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Hogan’s Bar in Dublin was busy, and myself and the girls looked gorgeous. We were young, single and we wanted the lads across the way to notice us and we sat down, pretending not to pose. I had only been in Ireland for a few months, but my workmates were taking me out to meet the local fellas. I wanted the lads to notice the hell out of me anyways. I quite fancied an intense affair with an Irishman.

I noticed a looker, sitting with his mate drinking a Beamish. I wondered if he was from Cork, seeing as he was drinking that brown murky ale. And I wondered if I was gonna be able to understand him when he came over to talk to me. I smiled at him, a big, full smile, which works so well in the States. The smile says, “Hey, I’m open for business, and I choose you as a client!” But the lad just looked down into his Beamish and kept talking to his mate.

I asked Aoife, from sales, about this. She roared laughing, and said, “Lady, you are in Ireland now. Those boys won’t make their approach until 2a.m. and only after they have plenty of booze on board. And only if you are in Copper Face Jack’s.”

I ask, in horror, “WHY THE HELL NOT? And what is Copper…” Fionnuala from accounts and Mary from the warehouse join in. “Oh Jaysus girl, Irish men are the worst pullers in the world. They won’t approach sober, and they won’t approach without their wingman and four layers of hair gel. And they can’t string two sentences together. It’s pure awful.”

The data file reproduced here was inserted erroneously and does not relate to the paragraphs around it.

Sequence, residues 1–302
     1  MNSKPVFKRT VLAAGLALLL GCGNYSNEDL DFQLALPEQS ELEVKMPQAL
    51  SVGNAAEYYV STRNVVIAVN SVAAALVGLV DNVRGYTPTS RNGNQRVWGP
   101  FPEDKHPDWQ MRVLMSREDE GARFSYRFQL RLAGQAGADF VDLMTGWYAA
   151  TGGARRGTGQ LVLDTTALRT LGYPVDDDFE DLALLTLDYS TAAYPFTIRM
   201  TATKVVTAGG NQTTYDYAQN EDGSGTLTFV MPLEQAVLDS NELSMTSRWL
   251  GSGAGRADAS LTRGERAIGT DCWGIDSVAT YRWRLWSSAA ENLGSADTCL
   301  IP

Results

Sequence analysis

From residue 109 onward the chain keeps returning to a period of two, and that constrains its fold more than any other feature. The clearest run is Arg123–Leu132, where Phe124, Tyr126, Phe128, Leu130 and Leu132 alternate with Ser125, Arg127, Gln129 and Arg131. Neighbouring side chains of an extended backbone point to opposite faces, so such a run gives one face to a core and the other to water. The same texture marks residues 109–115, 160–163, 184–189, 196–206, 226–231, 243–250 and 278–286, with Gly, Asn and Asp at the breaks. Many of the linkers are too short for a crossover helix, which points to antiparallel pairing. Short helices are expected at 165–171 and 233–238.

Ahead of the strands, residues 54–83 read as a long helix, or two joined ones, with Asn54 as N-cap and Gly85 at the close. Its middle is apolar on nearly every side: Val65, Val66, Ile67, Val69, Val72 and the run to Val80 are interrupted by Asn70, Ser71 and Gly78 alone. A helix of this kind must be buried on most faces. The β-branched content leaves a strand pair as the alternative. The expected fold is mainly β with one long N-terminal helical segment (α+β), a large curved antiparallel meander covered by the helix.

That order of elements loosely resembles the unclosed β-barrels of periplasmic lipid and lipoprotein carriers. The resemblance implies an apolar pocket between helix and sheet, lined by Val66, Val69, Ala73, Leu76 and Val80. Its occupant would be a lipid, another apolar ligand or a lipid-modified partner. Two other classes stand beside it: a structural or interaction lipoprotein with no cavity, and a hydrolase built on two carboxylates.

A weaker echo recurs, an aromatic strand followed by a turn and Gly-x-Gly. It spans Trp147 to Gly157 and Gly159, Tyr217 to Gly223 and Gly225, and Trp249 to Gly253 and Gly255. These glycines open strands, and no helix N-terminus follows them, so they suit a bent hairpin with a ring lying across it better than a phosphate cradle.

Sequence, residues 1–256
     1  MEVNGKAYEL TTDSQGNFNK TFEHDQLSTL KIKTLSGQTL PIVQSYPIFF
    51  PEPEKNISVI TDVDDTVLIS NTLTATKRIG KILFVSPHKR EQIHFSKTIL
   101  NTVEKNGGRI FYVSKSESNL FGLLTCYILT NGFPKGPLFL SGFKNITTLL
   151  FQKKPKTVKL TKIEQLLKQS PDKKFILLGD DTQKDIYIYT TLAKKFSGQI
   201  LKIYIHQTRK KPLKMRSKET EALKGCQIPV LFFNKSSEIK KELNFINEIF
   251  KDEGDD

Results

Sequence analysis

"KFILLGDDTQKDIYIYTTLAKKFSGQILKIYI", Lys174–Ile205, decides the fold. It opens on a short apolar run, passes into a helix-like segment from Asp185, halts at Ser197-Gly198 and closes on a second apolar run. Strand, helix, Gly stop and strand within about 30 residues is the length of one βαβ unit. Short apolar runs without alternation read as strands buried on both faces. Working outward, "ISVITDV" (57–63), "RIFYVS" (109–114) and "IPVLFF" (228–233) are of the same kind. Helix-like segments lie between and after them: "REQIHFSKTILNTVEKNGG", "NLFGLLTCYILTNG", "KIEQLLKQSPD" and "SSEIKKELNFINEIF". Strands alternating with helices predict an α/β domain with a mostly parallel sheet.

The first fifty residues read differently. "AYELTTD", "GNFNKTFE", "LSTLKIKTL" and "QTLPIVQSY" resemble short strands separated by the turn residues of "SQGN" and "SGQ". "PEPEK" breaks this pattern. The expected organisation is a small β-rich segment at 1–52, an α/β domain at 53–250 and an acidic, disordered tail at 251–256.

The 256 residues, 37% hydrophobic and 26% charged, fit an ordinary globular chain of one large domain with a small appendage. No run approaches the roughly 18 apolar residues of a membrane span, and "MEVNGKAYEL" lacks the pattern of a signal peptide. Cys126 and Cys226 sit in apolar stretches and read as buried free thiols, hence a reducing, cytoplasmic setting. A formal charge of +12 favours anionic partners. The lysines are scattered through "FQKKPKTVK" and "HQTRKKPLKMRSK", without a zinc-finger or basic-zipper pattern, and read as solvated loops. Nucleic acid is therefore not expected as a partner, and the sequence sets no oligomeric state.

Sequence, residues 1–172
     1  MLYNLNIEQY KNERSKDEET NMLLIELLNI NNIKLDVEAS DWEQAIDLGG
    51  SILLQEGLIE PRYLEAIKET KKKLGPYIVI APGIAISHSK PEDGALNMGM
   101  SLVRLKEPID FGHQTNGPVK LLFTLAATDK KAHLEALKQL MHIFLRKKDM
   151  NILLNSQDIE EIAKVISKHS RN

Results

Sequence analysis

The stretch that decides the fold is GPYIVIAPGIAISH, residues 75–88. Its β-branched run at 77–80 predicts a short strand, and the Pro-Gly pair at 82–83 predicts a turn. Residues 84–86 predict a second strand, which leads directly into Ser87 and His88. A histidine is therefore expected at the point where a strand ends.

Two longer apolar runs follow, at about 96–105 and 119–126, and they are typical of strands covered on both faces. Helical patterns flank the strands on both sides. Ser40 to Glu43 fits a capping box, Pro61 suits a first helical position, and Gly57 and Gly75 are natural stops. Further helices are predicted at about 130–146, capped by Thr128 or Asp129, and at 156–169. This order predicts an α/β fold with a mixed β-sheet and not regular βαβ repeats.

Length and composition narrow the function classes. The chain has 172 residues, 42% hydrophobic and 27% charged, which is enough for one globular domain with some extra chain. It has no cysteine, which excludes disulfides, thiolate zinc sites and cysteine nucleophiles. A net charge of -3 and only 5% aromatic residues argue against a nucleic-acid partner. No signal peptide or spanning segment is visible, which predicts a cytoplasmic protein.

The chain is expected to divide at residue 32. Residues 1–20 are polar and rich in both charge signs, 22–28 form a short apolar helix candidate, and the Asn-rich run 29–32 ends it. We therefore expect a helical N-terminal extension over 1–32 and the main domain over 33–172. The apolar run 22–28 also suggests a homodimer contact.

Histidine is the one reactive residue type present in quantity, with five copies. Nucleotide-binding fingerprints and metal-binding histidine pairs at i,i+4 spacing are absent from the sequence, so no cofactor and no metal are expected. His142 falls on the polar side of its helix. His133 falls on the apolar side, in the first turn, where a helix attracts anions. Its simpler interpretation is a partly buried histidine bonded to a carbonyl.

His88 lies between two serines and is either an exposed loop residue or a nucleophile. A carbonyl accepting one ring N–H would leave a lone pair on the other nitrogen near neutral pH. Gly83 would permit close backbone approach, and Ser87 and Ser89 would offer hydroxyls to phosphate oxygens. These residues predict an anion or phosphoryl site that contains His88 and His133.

I say again, in horror, “BUT WHY???” Fionnuala and Mary and Aoife all looked at each other and laugh. Mary whispers, “We don’t know, probably because they are reproductively clueless. Don’t worry, Sinéad, we will go to Coppers later and you will see what it is like at the coalface.”

So I look across Hogan’s bar at the one that will get away. It seemed a shame that the handsome Beamish drinker could not cross the floor of Hogan’s to talk to me without doing something grossly wrong in the eyes of Irish bar culture.

At midnight, Aoife says, “Right ladies, it is time to make our way to Slapper Faced Jacks!” I pick up my coat, and handbag, and take one more look at Handsome across the bar. He had polished off his fifth beamish by this stage. As I stood up, so did he. My heart leapt to my mouth as he started his rather unco-ordinated drunken walk across the floor towards me. It seemed the floor would go on forever, it was a most important and perilous journey. He made it intact. Phew.

Just as he sat down next to me, Aoife hissed at him, “Ah would ya ever feck off, you drunk eeejit.” Mary joined in, “What are ye, a bunch of pervs? We are talking WITH OUR FRIENDS.” And Fionnuala says, “Could ye not have made your approach about 4 drinks ago?”

The guy smiled at us. He said, “No. I cannot have approached you four drinks ago. Because you would have savaged my head off anyway. The drink just lessens the blow. We drink on approach because you are so mean.”

Mary says, “Yeah, whatev. Laters ya feckin’ eejit.”

She pulls me away from Mr Handsome but I reach back to grab my handbag. And I see Handsome slipping a business card into it. Maybe I will give Colm Murphy, Group Internal Auditor of Fresh Eire Accounting an email tomorrow.



Enter the Competition

This year’s winner was Sinead Barry, who wins the €100 prize money. You too can enter the competition for next year by getting those creative juices flowing. Stories should be 600 to 800 words and can be submitted by 31st July 2014 to


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